Publishing with a purpose
Children, Young People and Families - All titles
An International Comparison of In-Home Childcare Policy and Practice
This book presents new empirical research about in-home child care in Australia, the United Kingdom and Canada, three countries where governments are pursuing new ways to support the recruitment of in-home childcare workers through funding, regulation and migration.
Unfair Advantage and the Limits of Social Mobility
In the UK, as in other rich countries, the ‘playing-field’ is anything but level and the family plays a surprisingly crucial part in maintaining inequality. This book explores how seemingly mundane aspects of family life raise fundamental questions of social justice and calls for a rethink of what equality of opportunity means.
How Racial Disparities Create Sickness
This is the first book to offer a comprehensive perspective on health and sickness among African Americans. It shows how living in a highly racialized society affects health through multiple social contexts, including neighborhoods, personal and family relationships, and the medical system.
Deepening Inequality in Times of Austerity
In this empirically-grounded analysis, Lorenza Antonucci compares the lives of university students at a time of austerity and financial crisis from three very different European welfare systems – Italy, England and Sweden.
Drawing on the findings of a two-year European research project, this book presents a new model for responding meaningfully and effectively the 'problem' of how to respond to violence involving young people that continues to challenge youth workers and policy makers.
How Society Needs to Change
Debunking the myth of the ageing time bomb, this timely book from the authors of Retiring with Attitude challenges our assumptions and stereotypes and demonstrates that we are capable of living better together longer in this new, older world.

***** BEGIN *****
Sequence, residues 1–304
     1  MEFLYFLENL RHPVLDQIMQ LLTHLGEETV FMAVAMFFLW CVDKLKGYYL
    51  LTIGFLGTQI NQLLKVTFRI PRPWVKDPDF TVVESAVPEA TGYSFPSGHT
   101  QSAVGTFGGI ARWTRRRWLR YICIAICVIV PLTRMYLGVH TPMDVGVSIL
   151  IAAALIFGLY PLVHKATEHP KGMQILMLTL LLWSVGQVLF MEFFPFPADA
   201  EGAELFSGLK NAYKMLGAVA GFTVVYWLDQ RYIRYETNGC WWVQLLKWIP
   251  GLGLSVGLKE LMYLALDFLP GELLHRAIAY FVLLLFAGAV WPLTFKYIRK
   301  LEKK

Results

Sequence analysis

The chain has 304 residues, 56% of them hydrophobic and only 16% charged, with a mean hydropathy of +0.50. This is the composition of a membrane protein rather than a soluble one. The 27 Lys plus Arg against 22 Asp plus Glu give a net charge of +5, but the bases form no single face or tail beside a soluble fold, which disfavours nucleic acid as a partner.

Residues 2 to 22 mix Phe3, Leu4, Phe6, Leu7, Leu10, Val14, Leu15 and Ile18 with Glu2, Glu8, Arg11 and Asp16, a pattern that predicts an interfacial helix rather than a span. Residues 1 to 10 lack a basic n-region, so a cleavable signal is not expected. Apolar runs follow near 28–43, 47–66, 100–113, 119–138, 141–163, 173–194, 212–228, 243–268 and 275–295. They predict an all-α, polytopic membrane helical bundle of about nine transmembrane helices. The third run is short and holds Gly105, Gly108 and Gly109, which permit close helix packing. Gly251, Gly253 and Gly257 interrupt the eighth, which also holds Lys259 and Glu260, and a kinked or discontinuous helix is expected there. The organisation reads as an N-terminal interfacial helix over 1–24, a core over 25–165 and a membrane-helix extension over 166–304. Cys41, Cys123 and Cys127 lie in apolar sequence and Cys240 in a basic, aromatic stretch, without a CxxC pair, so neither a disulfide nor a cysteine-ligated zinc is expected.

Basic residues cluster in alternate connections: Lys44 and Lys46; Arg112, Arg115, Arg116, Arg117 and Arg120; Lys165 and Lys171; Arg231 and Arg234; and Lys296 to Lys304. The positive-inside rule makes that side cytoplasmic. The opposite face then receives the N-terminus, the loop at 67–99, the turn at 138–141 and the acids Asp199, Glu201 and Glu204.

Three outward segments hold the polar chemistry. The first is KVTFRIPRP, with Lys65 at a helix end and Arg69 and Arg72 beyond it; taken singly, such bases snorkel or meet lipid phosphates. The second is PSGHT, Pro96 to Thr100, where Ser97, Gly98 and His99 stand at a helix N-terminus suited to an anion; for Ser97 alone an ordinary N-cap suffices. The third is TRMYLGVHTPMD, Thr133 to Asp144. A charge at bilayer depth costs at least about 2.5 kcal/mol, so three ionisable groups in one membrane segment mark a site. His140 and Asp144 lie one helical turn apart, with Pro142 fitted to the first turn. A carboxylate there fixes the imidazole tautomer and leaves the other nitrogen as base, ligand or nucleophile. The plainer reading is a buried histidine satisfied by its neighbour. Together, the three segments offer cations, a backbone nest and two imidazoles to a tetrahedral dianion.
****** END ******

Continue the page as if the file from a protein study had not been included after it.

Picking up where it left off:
A History of Parenting Culture 1920s to Present
Harry Hendrick shows how broader social changes, including neoliberalism, feminism, the collapse of the social-democratic ideal, and the 'new behaviourism', have led to the rise of the anxious and narcissistic parent, In this provocative history of parenting.
Policy, Passion and Resistance in Practice
This engaging book paints a picture of passionate grassroots youth workers, at a time when their practice is threatened by spending cuts, target cultures and market imperatives. Using interviews, dialogue and research diary excerpts the author brings youth work practice and theory to life.
Radical Approaches to Prevention, Protection and Support
This book will inspire policy makers, practitioners, academics and journalists to rediscover courage in tackling child sexual abuse. Sarah Nelson proposes new models for child-centred, perpetrator-focussed child protection, for community prevention, and for work with survivor-offenders.
How Education is Failing Young People
Ainley explains how English education is now driven by the economy and politics, having failed to deliver upward social mobility and a brighter future. Concludes with suggestions for positive change.
Sharing Information in Multi-Agency Settings
What prompts information sharing and how do we get it right? This accessible book challenges widely held assumptions about information sharing in child welfare that facts about risks to children are clear and that sharing them with other professionals is a straightforward process.
Inclusion and Behaviour Support in Schools
This ambitious book is the first to provide a detailed insight into the politics and practices of internal school exclusion, highlighted through the experiences of the young people attending internal behaviour support units.